Send to

Choose Destination
See comment in PubMed Commons below
Nat Med. 1995 Jun;1(6):546-51.

Chemical generation of nitric oxide in the mouth from the enterosalivary circulation of dietary nitrate.

Author information

Department of Medicine and Therapeutics, University of Aberdeen Medical School, Foresterhill, UK.


High concentrations of nitrite present in saliva (derived from dietary nitrate) may, upon acidification, generate nitrogen oxides in the stomach in sufficient amounts to provide protection from swallowed pathogens. We now show that, in the rat, reduction of nitrate to nitrite is confined to a specialized area on the posterior surface of the tongue, which is heavily colonized by bacteria, and that nitrate reduction is absent in germ-free rats. We also show that in humans increased salivary nitrite production resulting from nitrate intake enhances oral nitric oxide production. We propose that the salivary generation of nitrite is accomplished by a symbiotic relationship involving nitrate-reducing bacteria on the tongue surface, which is designed to provide host defence against microbial pathogens in the mouth and lower gut. These results provide further evidence for beneficial effects of dietary nitrate.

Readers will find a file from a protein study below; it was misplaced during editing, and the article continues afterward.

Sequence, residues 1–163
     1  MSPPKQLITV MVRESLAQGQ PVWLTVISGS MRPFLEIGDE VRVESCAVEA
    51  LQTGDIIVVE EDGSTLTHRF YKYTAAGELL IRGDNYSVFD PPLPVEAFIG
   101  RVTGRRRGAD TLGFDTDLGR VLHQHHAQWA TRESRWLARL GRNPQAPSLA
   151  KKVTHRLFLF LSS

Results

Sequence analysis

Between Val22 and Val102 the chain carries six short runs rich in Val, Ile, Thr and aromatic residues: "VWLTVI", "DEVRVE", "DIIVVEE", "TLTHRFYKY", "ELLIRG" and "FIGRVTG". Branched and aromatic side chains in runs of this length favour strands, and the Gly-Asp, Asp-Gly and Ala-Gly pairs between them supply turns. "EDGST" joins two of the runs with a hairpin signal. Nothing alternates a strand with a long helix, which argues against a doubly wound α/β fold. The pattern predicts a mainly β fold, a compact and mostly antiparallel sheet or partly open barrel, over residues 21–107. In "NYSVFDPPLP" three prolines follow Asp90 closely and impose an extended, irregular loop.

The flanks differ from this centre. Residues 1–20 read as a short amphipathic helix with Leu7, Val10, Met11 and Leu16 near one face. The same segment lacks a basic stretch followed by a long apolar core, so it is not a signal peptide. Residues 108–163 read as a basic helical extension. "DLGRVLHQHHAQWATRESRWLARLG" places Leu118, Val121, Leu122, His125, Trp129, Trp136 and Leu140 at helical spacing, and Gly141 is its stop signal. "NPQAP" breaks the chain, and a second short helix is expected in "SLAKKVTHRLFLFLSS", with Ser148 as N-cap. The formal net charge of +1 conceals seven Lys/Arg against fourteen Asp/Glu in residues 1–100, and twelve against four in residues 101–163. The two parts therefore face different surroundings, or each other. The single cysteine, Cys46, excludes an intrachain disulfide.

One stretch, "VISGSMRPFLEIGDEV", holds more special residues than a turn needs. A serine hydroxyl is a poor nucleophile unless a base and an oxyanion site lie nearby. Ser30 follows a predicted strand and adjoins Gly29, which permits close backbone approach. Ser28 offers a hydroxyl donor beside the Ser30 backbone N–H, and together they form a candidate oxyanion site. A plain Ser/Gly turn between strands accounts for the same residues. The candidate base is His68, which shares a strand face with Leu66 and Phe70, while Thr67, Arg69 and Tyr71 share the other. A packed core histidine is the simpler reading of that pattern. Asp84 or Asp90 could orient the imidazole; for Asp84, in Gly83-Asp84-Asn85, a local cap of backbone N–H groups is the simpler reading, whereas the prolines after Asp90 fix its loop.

Comment in

[Indexed for MEDLINE]
PubMed Commons home

PubMed Commons

How to join PubMed Commons

    Supplemental Content

    Loading ...
    Support Center